Ever since I was in elementary school studying geography I've been fascinated with Tierra del Fuego. The pre-trip reading had several books that I devoured. We didn't spend nearly enough time there (part of a day) and I would like to return.

But first we had to get back across the dreaded Drake passage.

One of the planned features of the program was a dinner in the high-class restaurant on Discovery. I don't know whether our leader wasn't able to get reservations earlier in the trip or whether he just put it off until the last minute, but our "night on the town" happened in the midst of rough seas.

I didn't enjoy it.

I'm not sure I even bothered to order food, although I did join the group for at least part of the evening.

Ushuaia dock

Ushuaia may bill itself as the end of the world, but the dock is a happening place during the season. There were several large buses to pick up tourists from Discovery, but our small group had its own transportation. We would spend the day touring the island before flying north in the evening.

The end of the world

As the sign says: "Ushuaia: end of the world; beginning of everything."

The downtown is quite modern and prosperous.


The residential areas that we passed were equally prosperous looking.

Ushuaia overlook

This overlook of the town shows the Beagle Channel and the airport. The mountains in the background are in Chile, much to Argentine disgust. Pope John Paul II had to intervene to prevent war between the two countries over the islands on the far side of the channel. In the event, the mediation was only successful because of Argentina's defeat in the Falklands. Chile was to be their next target.

Ensenada Bay, Tierra del Fuego

We spent most of our time on the island touring the various locations within the Tierra del Fuego National Park.

Our first stop was Ensenada Bay, overlooking the Beagle Channel and the mountains of Chile.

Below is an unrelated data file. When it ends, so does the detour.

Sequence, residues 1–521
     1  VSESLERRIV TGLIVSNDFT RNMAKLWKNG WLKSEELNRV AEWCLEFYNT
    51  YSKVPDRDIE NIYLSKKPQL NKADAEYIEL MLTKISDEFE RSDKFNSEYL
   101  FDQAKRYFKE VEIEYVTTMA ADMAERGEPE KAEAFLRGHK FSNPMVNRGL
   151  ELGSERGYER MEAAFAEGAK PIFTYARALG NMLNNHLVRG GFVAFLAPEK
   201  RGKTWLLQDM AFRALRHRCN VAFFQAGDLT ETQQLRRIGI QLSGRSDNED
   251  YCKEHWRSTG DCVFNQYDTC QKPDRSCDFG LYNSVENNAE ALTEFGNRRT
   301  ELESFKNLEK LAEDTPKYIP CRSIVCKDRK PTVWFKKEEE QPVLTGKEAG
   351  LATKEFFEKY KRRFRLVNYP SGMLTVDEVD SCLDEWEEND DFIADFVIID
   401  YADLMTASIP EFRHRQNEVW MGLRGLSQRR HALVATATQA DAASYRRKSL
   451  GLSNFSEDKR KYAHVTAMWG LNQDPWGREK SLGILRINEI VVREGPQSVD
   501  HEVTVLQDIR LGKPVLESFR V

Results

Ensenada hiking

Numerous hiking trails surrounded the bay. I drooled over the opportunity to stretch my legs after a week at sea, but there wasn't enough time.

Llao llao

Llao llao is a fungus that affects southern beech trees. It is edible and has given its name to an elegant hotel that we will see (but not visit) later.

Laguna Negro

After our visit to Ensenada, we were back in the bus to Laguna Negra, another part of the national park.

As has been true elsewhere, the mountains in the background are in Chile. The island of Tierra del Fuego has been shared by Argentina and Chile since 1881.

Visitors' Center The Visitors' Center had a setting to die for. The area has numerous trekking and camping trails. Ah, to be younger.


Introduced beavers have devastated Tierra del Fuego's native forests and have migrated to other islands. They have even been sighted on the mainland of Chile. The governments of Chile and Argentina are pursuing an eradication program that will be costly and difficult but necessary to protect the ecosystem.

Lapataia Bay, Tierra del Fuego Our final stop in the national park was Lapataia Bay. It is supposed to be the southern-most point in the world reachable by road.


After our morning tour of the National Park, we ate lunch at a restaurant high on the bluffs overlooking the Beagle Channel.


The restaurant had an extensive garden that included these striking lupine.

The morning was a wonderful appetizer of Tierra del Fuego, leaving me hungry for more.

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